Passion Pit: Kindred

Music Reviews Passion Pit
Passion Pit: Kindred

Passion Pit’s M.O. has basically stayed the same since 2009’s breakthrough debut Manners. The 27-year-old frontman, founder and sole member Michael Angelakos overlays a bunch of wild, cool synths and swirling swooshing sounds with his often-Auto-tuned falsetto in shiny major-label pop casings that bury the stories about things that matter. Even after 2012’s Gossamer and Angelakos’ willingness to share his struggles with bipolar disorder through his songs (as well as outside of them), Passion Pit stays the course with its third studio album, Kindred.

Passion Pit’s greatest asset is Angelakos’ skill in the studio. He manipulates his voice with various pedals and technological effects to recreate simple ‘80s pop and disco aesthetics with more complexity. And the pop structure remains consistently radio-friendly. “All I Want,” for example, builds for a whole 16 seconds before the stratospheric chorus, and “Until We Can’t (Let’s Go)” explodes with bombastic bass beats until the melodic synthesizer crescendos and spastically sizzles.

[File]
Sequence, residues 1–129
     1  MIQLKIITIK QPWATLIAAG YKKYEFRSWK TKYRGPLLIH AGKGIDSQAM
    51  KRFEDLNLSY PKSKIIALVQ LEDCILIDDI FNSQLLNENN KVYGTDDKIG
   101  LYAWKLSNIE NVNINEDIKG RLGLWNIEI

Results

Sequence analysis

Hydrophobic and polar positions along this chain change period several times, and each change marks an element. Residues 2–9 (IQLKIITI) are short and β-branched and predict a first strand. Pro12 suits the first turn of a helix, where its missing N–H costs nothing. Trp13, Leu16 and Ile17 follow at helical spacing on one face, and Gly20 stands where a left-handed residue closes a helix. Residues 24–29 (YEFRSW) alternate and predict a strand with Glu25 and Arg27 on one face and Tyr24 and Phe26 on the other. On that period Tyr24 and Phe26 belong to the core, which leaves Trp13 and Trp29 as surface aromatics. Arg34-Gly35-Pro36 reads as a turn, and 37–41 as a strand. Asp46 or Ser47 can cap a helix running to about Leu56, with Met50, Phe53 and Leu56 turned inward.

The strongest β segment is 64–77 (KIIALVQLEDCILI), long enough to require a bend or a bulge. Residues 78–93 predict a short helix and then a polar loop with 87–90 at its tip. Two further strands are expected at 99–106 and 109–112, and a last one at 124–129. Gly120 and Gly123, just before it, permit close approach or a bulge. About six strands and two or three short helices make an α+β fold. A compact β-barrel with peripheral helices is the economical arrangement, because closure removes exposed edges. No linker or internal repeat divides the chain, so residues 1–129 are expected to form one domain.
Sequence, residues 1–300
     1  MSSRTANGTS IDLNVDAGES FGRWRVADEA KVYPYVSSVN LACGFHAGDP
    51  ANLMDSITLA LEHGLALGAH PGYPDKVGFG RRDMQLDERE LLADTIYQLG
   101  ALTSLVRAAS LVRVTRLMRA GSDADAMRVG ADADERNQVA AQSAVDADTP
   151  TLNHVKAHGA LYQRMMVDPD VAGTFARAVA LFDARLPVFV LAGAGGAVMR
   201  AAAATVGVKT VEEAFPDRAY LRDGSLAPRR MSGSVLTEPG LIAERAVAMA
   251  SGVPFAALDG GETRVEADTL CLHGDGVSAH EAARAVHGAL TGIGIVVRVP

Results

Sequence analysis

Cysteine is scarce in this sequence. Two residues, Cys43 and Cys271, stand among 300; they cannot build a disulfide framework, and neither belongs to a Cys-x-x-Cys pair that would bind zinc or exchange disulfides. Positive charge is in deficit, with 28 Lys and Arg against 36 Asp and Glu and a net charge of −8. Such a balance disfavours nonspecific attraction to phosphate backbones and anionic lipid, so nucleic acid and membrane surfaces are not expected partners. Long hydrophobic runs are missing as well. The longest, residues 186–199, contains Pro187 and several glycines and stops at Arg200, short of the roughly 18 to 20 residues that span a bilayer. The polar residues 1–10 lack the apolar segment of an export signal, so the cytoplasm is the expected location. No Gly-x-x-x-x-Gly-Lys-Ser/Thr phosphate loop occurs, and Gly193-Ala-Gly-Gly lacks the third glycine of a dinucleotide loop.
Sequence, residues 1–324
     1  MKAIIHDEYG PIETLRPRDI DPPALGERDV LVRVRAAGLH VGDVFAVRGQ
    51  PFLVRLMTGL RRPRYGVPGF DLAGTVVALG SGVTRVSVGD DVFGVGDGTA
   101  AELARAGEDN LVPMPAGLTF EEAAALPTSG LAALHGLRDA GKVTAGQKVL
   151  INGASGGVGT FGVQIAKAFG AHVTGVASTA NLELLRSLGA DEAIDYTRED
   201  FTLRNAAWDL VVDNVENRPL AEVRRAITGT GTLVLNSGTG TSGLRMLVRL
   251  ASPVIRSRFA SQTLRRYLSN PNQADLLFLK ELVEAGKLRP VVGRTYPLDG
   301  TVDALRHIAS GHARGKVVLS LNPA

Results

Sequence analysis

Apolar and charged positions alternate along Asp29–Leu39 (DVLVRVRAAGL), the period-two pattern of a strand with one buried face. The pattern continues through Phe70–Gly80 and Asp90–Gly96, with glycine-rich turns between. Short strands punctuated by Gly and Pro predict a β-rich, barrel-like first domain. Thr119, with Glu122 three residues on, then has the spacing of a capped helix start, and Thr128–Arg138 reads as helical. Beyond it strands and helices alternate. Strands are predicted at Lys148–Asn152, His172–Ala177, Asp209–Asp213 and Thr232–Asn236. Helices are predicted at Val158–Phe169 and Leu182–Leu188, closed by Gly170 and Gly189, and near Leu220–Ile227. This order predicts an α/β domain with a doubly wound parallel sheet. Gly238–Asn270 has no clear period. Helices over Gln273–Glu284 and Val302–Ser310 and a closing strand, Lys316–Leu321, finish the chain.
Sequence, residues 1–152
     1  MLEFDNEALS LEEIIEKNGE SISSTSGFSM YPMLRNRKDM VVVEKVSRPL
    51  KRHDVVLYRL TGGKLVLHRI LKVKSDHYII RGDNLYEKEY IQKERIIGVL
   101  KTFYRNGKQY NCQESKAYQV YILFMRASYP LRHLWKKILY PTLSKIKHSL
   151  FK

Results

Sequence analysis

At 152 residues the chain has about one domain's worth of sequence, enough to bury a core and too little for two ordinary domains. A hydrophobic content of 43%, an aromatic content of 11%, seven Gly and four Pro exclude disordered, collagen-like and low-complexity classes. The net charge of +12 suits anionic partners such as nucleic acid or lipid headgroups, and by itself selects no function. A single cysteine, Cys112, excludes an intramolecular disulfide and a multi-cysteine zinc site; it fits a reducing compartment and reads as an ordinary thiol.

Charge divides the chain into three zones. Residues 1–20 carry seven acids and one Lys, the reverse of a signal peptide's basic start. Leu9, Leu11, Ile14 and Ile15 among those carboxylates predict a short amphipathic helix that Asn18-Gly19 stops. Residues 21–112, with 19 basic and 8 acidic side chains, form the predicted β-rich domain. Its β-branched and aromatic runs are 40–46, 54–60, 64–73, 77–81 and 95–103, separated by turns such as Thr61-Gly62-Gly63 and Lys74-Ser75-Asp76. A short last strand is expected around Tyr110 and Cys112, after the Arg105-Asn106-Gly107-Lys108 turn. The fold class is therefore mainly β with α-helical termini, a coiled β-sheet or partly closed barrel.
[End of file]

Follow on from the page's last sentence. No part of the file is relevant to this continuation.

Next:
The problem with Kindred is that its lyrics don’t share the same intensity of Gossamer and Manners, even if the song’s intentions were to continue the narrative trajectory. Single and opening track “”Lifted Up (1985)” is supposed to honor and thank Angelakos’ wife, stylist Kristy Mucci, for supporting him through the challenges of disease, but the pulsating, danceable chorus just acknowledges that her birth year “was a good year.” Elsewhere, “My Brother Taught Me How To Swim,” a song with baptism imagery and self-cleansing intentions, degenerates into superficiality with a rallying cry of “I got lost” that has the same intonation and air-punching potential as Icona Pop’s 2012 hit “I Love It.” So while Kindred remains meticulously and impressively crafted, it just doesn’t carry the same emotional weight.

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